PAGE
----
Group-level or aggregated PROMs data—clinicians.
When presenting aggregated PROMs data, seven studies stated that clinicians mostly compared data between two treatments or compared scores to mean reference population scores. Brundage et al.  stated that for comparing treatments, 18 out of 20 clinicians preferred formats displaying multiple time-points, with the highest preference for line graphs with normed scores or confidence intervals, or bar charts. Smith et al. and Tolbert et al. [18, 29] describe a preference for line graphs, with over 75% of included clinicians preferring this graphical format; bar charts were less supported, as only 10% of 40 clinician participants preferred bar charts . Van Overveld et al.  reported however that bar charts were preferred, since they were easy to read. To present proportional data, pie charts were most preferred in 3/8 studies [18, 20, 34]. To meet a variety of preferences, Liu et al.  found that a dynamic dashboard gave clinicians the opportunity to customize the formats to their own needs.
Six studies assessed clinicians’ interpretation accuracy on aggregated data. Line graphs usually contributed to the ease of understanding PROMs scores for clinicians [16, 29]. Additionally, pie charts with proportional data were most often interpreted accurately by clinicians, for example when pie charts presented a proportional change in outcomes compared to baseline . Clinicians both endorsed and objected that p-values, confidence intervals, and normed scores could contribute to their interpretation accuracy of aggregated PROMs data [16, 18]. Furthermore, directional consistency, balancing information, and giving feedback, and clear labeling could improve interpretation accuracy [18, 19].
Throughout many of the included studies, challenges were described that may affect correctly interpreting visualized PROMs data, such as (1) Directional inconsistency, i.e. a higher functioning score means better health, but a lower symptom score means better health as well [5, 16, 17, 34, 37]; (2) Lack of standardisation rules for interpretation and visualization, that may cause interpretation inaccuracy [2, 25, 35]; (3) The need to designing multiple formats per target group, as no ‘one-size-fits-all’ solution in graphic visualisation exists for both patients and clinicians [3, 6, 28]; (4) The timing of providing feedback on PROMs visualization, as this affects assessment experience [14, 26], and (5) Patients ‘ opposition to PROMs use in clinical practice [19, 36]. We summarize the challenges and the proposed solutions for these challenges in Table 3.
How to distinguish clinically relevant PROMs scores
Clinically alarming scores were put in perspective by comparing current scores to the patients’ previous scores or to norm population scores. Ten studies described strategies to distinguish clinically relevant scores in practice [3,4,5, 16,17,18, 35]. These studies were conducted internationally among patients with different cancer diagnoses. Most frequently used comparator scores were the patients’ own previous PROMs data [3,4,5, 16,17,18, 35]. Additionally, four studies used a norm population (i.e.; patients with the same disease) to determine the clinical relevance of scores [1, 5, 19, 37]. Patients pointed out that the comparison of their own data with the scores from ‘patients like them’ (i.e. same sex, and age) was most valuable: it puts the patients functioning in perspective of what is regarded ‘normal’ .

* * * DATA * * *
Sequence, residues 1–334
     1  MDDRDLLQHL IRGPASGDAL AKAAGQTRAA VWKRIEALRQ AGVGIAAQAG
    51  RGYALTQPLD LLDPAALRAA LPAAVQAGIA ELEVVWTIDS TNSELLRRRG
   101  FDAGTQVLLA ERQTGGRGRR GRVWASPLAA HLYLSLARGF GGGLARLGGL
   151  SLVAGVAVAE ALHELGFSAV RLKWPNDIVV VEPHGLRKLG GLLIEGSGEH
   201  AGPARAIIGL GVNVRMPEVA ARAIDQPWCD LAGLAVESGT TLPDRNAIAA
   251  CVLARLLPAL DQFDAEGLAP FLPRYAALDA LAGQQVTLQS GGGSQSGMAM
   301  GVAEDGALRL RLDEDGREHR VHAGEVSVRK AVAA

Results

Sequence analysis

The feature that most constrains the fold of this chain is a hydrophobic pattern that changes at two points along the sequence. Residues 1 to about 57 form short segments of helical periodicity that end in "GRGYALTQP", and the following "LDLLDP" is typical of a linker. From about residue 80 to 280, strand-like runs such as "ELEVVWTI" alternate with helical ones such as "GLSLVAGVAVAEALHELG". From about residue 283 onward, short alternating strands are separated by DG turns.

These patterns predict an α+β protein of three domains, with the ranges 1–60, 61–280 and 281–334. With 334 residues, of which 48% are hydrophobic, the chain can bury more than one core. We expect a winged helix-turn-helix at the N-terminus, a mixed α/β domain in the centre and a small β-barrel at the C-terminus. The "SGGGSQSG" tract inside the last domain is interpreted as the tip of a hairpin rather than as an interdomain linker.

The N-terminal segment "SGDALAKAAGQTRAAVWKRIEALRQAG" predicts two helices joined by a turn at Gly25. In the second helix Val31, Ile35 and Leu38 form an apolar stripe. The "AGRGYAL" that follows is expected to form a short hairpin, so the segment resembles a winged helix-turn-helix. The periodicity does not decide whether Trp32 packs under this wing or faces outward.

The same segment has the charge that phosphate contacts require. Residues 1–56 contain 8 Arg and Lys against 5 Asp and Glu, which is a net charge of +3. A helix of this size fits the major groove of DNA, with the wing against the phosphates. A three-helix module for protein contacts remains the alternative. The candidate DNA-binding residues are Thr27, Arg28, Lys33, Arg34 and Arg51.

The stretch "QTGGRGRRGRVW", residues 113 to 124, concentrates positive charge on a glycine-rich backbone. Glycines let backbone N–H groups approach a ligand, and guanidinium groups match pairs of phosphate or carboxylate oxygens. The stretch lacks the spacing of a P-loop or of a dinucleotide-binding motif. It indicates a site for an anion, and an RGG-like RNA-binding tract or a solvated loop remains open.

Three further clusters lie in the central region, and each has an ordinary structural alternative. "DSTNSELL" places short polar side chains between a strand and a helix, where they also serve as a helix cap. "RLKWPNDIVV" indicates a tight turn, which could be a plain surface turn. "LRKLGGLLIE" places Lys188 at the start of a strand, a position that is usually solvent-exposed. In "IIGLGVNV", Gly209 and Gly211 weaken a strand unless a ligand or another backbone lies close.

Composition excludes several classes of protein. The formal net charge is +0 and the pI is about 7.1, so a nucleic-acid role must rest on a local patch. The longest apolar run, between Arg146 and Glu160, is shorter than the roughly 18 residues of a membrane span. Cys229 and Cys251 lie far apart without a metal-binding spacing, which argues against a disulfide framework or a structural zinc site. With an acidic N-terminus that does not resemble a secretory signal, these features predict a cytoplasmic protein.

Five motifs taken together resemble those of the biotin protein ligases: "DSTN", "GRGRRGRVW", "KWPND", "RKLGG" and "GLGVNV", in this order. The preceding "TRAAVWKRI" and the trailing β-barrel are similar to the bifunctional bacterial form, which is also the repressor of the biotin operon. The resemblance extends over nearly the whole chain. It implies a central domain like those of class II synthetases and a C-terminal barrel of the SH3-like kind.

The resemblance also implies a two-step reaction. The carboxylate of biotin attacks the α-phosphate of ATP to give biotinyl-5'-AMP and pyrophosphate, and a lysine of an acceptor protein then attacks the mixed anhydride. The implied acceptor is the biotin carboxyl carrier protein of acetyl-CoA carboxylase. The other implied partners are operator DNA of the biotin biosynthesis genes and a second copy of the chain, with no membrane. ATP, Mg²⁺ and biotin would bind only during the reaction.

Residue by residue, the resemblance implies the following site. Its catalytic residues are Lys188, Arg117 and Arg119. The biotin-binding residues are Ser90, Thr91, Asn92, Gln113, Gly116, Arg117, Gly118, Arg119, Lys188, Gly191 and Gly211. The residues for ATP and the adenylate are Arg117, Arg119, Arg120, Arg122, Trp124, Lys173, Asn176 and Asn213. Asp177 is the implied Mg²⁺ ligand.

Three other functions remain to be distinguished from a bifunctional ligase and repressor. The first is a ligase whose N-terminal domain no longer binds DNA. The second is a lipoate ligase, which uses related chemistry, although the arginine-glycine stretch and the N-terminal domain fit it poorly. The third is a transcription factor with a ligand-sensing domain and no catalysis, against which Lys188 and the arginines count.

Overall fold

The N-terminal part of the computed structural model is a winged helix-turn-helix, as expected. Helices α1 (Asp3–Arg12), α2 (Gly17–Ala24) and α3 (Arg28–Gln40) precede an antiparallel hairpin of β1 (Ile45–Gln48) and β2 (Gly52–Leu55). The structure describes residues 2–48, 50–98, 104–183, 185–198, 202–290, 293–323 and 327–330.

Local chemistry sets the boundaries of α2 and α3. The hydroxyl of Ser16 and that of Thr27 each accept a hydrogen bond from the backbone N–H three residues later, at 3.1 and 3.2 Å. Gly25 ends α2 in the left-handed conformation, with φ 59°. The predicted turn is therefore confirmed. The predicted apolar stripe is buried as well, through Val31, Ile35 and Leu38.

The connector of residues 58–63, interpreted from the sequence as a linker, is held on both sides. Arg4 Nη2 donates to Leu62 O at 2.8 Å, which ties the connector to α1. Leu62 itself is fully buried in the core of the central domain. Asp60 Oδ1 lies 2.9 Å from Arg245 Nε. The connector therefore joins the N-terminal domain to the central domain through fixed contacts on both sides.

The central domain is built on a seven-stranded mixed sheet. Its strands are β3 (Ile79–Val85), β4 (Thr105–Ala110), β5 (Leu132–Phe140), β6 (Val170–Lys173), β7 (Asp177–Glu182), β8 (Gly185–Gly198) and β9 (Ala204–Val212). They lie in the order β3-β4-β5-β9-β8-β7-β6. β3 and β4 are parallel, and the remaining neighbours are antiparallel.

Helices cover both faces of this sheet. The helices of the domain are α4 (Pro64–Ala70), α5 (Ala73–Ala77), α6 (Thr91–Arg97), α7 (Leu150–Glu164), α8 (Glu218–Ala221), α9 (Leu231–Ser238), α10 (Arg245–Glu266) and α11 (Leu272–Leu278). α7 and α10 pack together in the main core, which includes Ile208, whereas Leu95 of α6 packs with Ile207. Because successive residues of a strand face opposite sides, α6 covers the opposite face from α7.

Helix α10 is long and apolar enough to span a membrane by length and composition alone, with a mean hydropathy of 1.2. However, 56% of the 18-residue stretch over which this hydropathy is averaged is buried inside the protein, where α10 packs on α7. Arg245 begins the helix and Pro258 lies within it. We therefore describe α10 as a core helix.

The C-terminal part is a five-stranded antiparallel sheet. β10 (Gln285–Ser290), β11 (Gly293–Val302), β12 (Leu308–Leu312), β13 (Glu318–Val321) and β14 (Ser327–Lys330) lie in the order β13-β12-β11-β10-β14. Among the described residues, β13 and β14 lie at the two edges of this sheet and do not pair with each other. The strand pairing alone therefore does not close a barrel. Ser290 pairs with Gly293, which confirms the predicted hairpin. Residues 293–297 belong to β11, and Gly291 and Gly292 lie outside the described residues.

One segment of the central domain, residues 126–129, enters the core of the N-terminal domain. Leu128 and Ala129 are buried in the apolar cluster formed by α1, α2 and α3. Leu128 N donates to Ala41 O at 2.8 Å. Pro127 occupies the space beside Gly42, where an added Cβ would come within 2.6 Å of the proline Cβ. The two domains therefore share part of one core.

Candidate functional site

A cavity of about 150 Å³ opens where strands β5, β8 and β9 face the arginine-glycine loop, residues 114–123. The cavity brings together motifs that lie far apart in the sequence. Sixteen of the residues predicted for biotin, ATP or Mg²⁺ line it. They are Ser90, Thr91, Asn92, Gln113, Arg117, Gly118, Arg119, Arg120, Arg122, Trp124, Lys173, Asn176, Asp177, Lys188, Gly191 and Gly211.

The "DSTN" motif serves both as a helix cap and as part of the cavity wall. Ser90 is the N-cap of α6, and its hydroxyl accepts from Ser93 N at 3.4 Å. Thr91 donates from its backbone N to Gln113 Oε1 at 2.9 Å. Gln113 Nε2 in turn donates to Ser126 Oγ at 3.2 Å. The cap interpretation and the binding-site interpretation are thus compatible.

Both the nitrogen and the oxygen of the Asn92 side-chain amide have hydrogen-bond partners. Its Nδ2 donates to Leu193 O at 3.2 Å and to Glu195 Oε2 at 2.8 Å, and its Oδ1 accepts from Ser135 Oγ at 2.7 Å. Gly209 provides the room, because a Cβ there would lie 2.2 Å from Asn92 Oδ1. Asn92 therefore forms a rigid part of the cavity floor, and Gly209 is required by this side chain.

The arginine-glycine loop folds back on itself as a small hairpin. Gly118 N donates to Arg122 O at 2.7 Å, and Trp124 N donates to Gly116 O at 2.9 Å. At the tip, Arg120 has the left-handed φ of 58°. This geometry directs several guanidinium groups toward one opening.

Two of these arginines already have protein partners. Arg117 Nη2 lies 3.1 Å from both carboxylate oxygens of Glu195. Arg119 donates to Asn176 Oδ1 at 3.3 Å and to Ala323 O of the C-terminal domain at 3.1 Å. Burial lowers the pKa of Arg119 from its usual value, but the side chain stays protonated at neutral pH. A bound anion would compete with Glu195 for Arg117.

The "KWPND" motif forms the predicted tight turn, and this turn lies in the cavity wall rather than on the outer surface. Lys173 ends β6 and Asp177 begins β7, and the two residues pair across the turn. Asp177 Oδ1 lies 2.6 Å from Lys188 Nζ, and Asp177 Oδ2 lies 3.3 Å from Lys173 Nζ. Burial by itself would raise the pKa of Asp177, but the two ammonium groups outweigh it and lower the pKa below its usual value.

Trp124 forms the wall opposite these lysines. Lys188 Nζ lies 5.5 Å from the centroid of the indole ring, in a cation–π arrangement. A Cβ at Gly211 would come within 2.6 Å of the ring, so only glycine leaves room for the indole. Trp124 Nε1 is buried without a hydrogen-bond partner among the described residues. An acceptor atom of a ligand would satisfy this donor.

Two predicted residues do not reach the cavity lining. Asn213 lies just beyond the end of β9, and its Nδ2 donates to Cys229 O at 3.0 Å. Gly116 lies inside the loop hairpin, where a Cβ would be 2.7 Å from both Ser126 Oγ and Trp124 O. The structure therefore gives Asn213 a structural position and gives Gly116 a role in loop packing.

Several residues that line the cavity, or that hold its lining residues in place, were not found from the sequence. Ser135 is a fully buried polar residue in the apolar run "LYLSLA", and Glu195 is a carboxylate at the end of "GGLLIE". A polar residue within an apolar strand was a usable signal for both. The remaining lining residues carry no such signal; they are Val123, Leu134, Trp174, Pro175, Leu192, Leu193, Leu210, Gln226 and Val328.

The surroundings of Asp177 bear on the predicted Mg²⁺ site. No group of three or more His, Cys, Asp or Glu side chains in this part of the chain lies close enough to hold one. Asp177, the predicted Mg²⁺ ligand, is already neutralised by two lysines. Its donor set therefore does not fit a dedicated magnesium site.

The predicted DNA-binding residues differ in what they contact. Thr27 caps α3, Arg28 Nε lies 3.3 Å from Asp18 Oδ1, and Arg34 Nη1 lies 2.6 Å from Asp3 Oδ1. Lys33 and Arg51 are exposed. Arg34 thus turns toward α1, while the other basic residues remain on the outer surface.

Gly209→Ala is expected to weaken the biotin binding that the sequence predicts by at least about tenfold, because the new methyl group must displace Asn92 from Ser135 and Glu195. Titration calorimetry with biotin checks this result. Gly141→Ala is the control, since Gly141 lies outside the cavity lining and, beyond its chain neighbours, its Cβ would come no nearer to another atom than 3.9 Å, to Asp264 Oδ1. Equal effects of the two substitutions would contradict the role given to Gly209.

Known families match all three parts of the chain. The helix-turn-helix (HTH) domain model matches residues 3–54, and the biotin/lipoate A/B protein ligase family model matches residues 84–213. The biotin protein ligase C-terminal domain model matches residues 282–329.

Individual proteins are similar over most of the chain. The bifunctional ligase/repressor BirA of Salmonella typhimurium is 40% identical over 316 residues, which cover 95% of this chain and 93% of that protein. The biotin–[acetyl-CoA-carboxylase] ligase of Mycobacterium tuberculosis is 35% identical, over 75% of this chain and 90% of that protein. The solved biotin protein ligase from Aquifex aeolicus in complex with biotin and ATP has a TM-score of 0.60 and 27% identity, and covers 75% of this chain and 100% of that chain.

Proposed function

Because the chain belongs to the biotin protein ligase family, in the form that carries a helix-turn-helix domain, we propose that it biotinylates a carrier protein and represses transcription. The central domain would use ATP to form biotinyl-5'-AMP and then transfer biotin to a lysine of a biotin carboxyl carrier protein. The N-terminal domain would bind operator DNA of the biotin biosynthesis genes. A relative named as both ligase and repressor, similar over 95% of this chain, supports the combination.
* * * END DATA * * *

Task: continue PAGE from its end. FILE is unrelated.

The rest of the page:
Studies showed different methods of applying color to highlight scores, including: visualizing clinically non-alarming scores in green and clinically alarming scores in red ; red and green shading to show undesirable and desirable score ranges, respectively [4, 5, 18, 25]; a background fading from red (bottom) to green (top) ; traffic light colors (i.e. green, orange, red) .
Smith et al.  reported that 74% of patients and 80% of clinicians preferred green shading of non-alarming scores or red shading of alarming scores. Hildon et al.  reported that traffic light colors could improve interpretation accuracy across different graphic visualization formats, since these are universally recognized. Loth et al.  reported that 93% of the studied patients correctly interpreted the meaning of traffic light colors. Nonetheless, PROMs visualization strategies must include a detailed explanatory legend of the meaning and interpretation of colors and scores .
Other visualization strategies included the use of red circles around important scores—these were interpreted more accurately than green shading . Furthermore, threshold lines across score bars were used to indicate whether scores are better or worse than threshold scores. These visualization techniques pleased 69% of patients and 70% of clinicians [17, 18]. Contrastingly, Snyder et al.  reported that a threshold-line was significantly more often rated as ‘very clear’, and most useful compared to green shading, and red circles. In more detail, another study found that a dotted threshold line was preferred over a solid threshold line to indicate alarming scores in bar charts . Lastly, exclamation points can be used to indicate possibly concerning score changes, which was the preferred method for 79% of 39 patients and 40% of 40 clinicians .
This systematic review included 25 studies in different healthcare settings throughout Europe, the US, and Canada, that reported about preferences and interpretation accuracy of patients and clinicians for the visualization of PROMs scores. Very few graphical visualization formats for presenting PROMs data could be identified. Overall, a limited amount of literature was found on this matter, which was summarized as follows. For individual level PROMs data, patients and clinicians preferred line graphs and bar charts, since they were considered visually clear. Bar charts were most often interpreted correctly by patients, while clinicians had high interpretation accuracy across all graph formats. For presenting group level PROMs data, pie charts and line graphs were preferred: patients most often interpreted line graphs correctly; for proportional data, clinicians most often accurately interpreted pie charts. To guide clinical interpretation by distinguishing clinically relevant scores, PROMs scores were most often compared to patients’ previous scores, followed by comparison to mean norm population scores. Here, correct interpretation can be supported by highlighting patients’ clinically alarming scores with colors, and by using threshold lines across score bars or lines, or circles around alarming scores.